Ellie Goulding – Anything Could Happen

in Music

[Photography by Halcyon D]

With her trademark voice and soul-searching lyrics, 
Ellie Goulding is killing it on both sides of the Atlantic.

Ellie Goulding is the breakout female star of British singer-songwriters in recent years. With two No.1 albums in the UK as well as her single ‘Lights’ grabbing the No.1 spot on the US Billboard Charts, her career trajectory has been meteoric since she first broke out in 2010 winning the British Sound Of… Poll and the Critics’ Choice Award at the Brits. And she’s coming to Hong Kong thanks to YourMum this August.

If you check out her Instagram feed, you’ll see that she’s been incredibly busy this past year, going on a worldwide tour across America, South America, Australia and New Zealand. In fact, she only has 15 minutes to chat to BOOM as she races off to rehearsals. “I just got back from Australia and New Zealand, stopping off in Singapore, and I’m relieved that tour went by pretty quickly. Honestly, I’m scarred from being away for so long on the American tour,” she laughs, “It was such a long time to be away for, it was two and a bit months, and you know, we had so much time on our hands that we ended up missing home quite a bit more.”

Goulding is well-known for her closeness to her fans, going on runs with them in cities around the world (she tries to run six miles every day), making sure they’re updated on what she’s up to. “I always sense that my fans in the UK are really happy when I’m coming home. But the great thing is that I’m meeting new fans around the world every day.” Despite going out with high-profile names such as Skrillex and Ed Sheeran, she’s remarkably grounded, something she attributes to her modest upbringing.

“I grew up in a council house and there was never any money to do anything. And then when I got to university it was even worse. It was a different kind of poor. Now, I genuinely feel like I’ve seen both sides of it. I never take it for granted that I have money or that I have a job that I love. I mean it’s impossible, like there’s a block, for me to take it for granted.”

Studying drama, politics and English at the University of Kent has also informed her views. She got her spotted before her final year and not completing university is something that she regrets. “I’d love to go back and try to finish it at some point,” she muses. Despite that, she admits it was tough. “They were the poorest years of my life. There wasn’t a single day when there wasn’t an issue to do with money. I was the first person in my family to go to uni, so no-one could really relate to it or tell me what to expect. I didn’t have any financial support either. I mean I got by with jobs in the theatre and in a clothes shop, but I was concentrating on my music and trying to scrape together the money to go down to London every now and then to play gigs, so I wasn’t doing as well at uni as I could have been.” Those hard-earned trips to London paid off, though, where she was spotted by Jamie Lillywhite of Turn First Artists at a talent contest.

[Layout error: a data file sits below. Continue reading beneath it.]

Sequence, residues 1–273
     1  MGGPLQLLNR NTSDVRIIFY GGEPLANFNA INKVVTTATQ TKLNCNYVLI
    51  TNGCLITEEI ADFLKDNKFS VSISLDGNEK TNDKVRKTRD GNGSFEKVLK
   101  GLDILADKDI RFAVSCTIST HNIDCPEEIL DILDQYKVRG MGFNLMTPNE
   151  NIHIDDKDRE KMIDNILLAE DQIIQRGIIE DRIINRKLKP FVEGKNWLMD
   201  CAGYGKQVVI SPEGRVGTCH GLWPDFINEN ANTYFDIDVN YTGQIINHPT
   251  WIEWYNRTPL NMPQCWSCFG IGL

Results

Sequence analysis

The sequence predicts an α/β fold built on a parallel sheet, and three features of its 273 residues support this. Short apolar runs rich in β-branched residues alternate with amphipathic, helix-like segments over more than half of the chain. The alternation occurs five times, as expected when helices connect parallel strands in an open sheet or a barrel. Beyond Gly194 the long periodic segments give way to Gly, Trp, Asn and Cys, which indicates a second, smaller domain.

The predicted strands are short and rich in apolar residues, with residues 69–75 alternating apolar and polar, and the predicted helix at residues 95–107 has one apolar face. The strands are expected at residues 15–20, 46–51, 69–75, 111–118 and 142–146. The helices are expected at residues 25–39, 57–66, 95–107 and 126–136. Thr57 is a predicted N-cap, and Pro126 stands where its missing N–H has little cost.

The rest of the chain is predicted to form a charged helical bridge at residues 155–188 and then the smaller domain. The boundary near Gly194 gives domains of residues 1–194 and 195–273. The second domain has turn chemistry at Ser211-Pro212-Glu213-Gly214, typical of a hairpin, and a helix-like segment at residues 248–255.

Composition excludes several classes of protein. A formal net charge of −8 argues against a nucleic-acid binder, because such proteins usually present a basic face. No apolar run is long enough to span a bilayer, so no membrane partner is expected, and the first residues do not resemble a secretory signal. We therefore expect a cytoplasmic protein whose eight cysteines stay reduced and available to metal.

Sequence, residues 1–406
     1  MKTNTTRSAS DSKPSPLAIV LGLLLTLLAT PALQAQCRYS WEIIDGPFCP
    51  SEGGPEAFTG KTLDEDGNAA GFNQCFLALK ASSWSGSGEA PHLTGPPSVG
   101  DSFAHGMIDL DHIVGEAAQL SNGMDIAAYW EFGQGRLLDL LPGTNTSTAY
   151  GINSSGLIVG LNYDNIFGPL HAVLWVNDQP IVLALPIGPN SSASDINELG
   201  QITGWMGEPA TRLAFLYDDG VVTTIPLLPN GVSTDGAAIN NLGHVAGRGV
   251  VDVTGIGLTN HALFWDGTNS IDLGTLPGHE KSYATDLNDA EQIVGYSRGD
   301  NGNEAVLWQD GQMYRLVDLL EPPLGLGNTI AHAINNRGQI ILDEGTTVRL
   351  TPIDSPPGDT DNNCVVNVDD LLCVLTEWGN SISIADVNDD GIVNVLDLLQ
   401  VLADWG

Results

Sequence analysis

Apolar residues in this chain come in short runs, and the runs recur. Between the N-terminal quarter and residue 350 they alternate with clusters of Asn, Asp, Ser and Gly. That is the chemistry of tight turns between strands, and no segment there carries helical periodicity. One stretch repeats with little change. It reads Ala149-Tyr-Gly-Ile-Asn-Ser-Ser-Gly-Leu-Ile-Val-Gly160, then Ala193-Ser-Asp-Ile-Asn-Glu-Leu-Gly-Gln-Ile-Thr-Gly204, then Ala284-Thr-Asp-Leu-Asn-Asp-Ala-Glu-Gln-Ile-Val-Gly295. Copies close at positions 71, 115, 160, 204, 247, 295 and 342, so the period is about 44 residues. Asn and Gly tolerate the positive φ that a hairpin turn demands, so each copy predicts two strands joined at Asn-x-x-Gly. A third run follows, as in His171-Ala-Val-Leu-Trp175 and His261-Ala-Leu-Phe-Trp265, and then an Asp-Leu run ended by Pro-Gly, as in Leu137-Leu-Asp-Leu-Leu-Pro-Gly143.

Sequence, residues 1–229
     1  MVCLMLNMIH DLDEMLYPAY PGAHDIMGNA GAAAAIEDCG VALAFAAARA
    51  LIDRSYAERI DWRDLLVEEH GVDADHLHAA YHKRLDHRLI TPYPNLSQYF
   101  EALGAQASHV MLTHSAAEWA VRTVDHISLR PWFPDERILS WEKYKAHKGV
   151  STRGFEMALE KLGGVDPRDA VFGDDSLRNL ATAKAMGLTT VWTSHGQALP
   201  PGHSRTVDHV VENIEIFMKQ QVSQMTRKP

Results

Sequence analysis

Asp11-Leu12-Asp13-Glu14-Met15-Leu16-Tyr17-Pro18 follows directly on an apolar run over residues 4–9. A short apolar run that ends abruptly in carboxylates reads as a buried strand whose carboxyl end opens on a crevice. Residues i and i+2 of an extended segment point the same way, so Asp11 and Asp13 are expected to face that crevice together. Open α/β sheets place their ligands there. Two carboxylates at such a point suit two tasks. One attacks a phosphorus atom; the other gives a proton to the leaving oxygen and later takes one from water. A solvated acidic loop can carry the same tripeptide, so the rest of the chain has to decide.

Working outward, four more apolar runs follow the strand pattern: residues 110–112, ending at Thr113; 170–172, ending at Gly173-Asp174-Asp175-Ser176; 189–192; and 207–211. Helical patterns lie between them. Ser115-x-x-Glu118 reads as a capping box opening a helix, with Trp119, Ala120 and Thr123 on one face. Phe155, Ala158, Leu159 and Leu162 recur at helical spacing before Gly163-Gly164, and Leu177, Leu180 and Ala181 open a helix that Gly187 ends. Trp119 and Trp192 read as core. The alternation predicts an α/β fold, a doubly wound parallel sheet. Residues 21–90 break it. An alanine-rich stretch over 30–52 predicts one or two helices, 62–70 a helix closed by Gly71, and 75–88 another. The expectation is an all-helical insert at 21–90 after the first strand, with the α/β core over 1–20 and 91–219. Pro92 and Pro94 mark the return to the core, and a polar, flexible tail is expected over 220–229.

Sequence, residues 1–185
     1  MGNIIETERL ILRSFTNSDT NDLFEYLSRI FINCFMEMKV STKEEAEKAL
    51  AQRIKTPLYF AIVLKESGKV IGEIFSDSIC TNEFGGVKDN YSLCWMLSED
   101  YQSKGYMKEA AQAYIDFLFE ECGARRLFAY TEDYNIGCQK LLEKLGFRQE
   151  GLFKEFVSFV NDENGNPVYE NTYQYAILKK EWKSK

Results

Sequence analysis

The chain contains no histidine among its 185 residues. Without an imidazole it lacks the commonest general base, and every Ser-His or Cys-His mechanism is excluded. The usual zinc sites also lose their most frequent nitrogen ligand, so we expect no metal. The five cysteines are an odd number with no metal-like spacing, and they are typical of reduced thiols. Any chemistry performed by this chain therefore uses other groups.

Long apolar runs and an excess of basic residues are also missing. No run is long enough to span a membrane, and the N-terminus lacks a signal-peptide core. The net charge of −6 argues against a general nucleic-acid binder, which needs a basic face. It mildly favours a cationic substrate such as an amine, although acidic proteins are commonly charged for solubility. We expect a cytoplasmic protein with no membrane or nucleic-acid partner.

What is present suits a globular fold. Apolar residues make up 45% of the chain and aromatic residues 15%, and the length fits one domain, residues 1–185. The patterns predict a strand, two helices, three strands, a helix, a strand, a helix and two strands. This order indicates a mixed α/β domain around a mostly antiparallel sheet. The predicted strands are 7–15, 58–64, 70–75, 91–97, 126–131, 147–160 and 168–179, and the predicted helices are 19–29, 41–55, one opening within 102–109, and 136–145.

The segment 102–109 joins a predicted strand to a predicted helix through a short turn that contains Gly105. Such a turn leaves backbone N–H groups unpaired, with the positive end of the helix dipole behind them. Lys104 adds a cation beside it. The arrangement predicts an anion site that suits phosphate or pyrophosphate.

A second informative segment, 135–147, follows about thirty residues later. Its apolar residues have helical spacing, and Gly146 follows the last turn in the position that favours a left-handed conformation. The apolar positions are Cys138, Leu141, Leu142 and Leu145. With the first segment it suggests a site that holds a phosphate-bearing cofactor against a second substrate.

From that, she got signed to Polydor records in 2009 and the years since then have been pretty exciting, culminating in her personal highlight – playing a private concert for Prince William and Kate Middleton at their wedding. “When I first started playing at the age of 15, I didn’t necessarily expect it to be a career that I’d make money from. When I was younger, I wanted to be a journalist like my grandfather, or maybe go into acting. And when I was moving towards signing a record deal, that was a very surreal time. But when I released my first song, it felt like it was natural.”

While her vocal talents have gained her plenty of admirers, it’s the soul-searching lyrics she’s written that speak to her fans. Her songs are crafted from the raw pain of breaking up (‘Anything Could Happen’) to her difficult relationship with her estranged father (‘I Know You Care’). “I find that [writing songs] is just how I deal with stuff. By getting it out, it helps me to remedy everything. I don’t find it to be an issue. When I’m writing songs, I don’t sit there and worry about whether I really want to be singing about my private stuff to an audience.”

The darkness of her earlier lyrics she ascribes partly to being a voracious reader. “I used to read a lot of dark books like Murakami, basically whatever I could find that was really dark.” There are rumours, though, that future songs won’t be plumbing the same emotional rawness. “Right now, I’m reading a lot about science, about the sea and the ocean, how we began in space and the beginnings of the earth. That might come into [my next album] a little bit.” She admits she’s also just started watching Game of Thrones. Let’s hope that doesn’t give her any ideas for songs.

But for now, she’s enjoying her life. “I’m at an ideal situation where I haven’t reached this insane level of fame, so it’s quite easy to deal with. I’m always getting to do fun stuff, like busking for The Big Issue and I was just in Cannes for a corporate gig for Spotify. The most important thing is that you’re surrounded by genuine people and genuine friends. You are who you’re friends with basically. I’ve got so many amazing friends who are so down-to-earth and so clever and don’t take anything too seriously. And they have a brilliant attitude towards life and I pick up on that. The people that surround me genuinely keep me uplifted and happy, they keep me sensible and all that stuff.”